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The natural history of severe asthma and influences of early risk factors: a population-based cohort study


Background Severe asthma is associated with disproportionately high morbidity, but little is known about its natural history and how risk factors at first year of diagnosis modify its subsequent development.

Methods Using administrative health data, we retrospectively followed patients 14–55 years of age with newly diagnosed severe asthma in British Columbia, Canada. Based on intensity of resource use (drug therapy) and occurrence of exacerbations, each patient-year was classified into mild, moderate, or severe asthma. We estimated the probability of transition between severity levels or to death over the study period using a four-state Markov model, and used this to assess the 10-year trajectory of severe asthma and the influence of baseline risk factors.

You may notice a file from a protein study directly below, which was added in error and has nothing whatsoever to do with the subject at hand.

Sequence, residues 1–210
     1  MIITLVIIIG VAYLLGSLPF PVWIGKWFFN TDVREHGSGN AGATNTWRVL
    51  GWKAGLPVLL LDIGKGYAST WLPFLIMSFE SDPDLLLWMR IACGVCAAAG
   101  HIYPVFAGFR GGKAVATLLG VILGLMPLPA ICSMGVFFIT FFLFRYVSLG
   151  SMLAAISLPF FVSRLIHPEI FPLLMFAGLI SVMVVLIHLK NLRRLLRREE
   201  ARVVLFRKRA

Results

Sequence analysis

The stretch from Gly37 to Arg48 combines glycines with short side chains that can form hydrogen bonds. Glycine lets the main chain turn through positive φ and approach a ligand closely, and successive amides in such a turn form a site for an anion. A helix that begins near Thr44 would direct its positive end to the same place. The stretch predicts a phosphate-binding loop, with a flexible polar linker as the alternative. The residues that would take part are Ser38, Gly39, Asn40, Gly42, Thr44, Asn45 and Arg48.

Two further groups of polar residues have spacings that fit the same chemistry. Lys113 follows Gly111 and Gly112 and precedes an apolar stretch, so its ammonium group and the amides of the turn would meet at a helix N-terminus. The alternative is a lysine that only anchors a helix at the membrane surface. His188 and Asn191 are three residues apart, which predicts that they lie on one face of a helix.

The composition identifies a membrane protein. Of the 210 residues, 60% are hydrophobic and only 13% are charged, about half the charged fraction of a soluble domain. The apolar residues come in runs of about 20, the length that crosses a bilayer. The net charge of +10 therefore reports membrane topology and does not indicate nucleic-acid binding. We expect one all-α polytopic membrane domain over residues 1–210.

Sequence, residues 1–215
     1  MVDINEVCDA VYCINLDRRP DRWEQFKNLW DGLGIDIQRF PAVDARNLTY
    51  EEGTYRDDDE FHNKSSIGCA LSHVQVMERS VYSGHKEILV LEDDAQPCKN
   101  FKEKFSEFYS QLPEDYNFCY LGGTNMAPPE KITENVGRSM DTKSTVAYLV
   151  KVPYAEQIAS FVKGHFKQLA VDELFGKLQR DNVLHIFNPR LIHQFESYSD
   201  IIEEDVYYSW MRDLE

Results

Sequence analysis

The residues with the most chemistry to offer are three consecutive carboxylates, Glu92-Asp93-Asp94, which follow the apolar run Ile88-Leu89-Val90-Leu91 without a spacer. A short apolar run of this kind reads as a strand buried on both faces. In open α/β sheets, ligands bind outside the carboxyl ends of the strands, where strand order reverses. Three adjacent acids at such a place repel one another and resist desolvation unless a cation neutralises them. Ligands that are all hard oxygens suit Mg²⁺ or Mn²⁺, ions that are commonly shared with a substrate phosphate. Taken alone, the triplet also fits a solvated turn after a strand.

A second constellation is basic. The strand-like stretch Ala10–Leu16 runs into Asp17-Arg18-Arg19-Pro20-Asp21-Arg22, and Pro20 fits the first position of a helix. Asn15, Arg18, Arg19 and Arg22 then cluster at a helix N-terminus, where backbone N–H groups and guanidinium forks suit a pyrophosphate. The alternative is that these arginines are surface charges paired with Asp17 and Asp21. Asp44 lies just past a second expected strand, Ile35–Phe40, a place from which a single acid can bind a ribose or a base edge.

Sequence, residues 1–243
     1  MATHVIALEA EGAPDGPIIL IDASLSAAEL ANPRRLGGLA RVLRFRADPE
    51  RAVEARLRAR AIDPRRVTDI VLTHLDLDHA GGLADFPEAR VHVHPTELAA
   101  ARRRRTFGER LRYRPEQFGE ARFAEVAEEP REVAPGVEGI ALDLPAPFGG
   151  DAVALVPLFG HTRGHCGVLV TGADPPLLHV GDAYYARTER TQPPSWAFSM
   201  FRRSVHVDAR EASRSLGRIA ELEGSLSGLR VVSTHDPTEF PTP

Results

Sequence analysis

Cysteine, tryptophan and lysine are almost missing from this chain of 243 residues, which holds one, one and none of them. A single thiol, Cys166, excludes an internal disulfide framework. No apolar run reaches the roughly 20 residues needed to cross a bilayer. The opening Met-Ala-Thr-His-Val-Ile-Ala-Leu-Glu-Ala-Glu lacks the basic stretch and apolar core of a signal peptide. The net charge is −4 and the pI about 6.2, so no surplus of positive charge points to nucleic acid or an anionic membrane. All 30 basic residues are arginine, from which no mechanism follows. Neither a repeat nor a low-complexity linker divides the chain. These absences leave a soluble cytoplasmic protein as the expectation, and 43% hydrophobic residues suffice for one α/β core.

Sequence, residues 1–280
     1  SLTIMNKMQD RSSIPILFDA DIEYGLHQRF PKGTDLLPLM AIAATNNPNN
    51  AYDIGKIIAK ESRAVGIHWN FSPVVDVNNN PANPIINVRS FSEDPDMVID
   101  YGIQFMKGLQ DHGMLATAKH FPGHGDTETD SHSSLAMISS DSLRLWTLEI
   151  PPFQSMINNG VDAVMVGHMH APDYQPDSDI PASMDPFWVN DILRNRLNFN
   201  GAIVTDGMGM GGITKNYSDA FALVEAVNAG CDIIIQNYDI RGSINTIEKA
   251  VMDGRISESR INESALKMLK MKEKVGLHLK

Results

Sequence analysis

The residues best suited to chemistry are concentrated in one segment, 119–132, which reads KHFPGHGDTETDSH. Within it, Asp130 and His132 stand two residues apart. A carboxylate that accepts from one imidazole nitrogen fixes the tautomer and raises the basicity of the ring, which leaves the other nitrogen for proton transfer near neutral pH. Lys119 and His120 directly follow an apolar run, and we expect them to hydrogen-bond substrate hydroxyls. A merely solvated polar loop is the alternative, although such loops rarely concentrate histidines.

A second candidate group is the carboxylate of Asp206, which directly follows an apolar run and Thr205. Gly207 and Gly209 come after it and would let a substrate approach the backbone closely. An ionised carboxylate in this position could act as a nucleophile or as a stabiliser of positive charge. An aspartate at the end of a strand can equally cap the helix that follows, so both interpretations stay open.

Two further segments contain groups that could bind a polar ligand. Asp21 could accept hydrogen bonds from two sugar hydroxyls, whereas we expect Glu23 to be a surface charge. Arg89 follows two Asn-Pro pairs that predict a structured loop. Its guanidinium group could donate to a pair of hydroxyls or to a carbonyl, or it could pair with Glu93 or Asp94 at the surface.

Results We followed 13 467 patients. Ten years after incident severe asthma, 83% had transitioned to a less severe level (mild: 43%, moderate: 40%). Low socioeconomic status, high comorbidity burden, and high adherence (proportion of days covered (PDC) by asthma controller therapy) in the first year were independently associated with, respectively, 10%, 24% and 35% more time in severe asthma over the next 10 years. Sex was not associated with the clinical course.

Conclusions Most patients with incident severe asthma used fewer resources over time, indicating a long-term transition to milder asthma. Potentially modifiable risk factors for poor prognosis of severe asthma include low socioeconomic status and high comorbidity burden. The association between PDC and future asthma severity is likely due to residual confounding by disease severity.

  • Asthma
  • Asthma Epidemiology
  • Asthma Guidelines
  • Clinical Epidemiology

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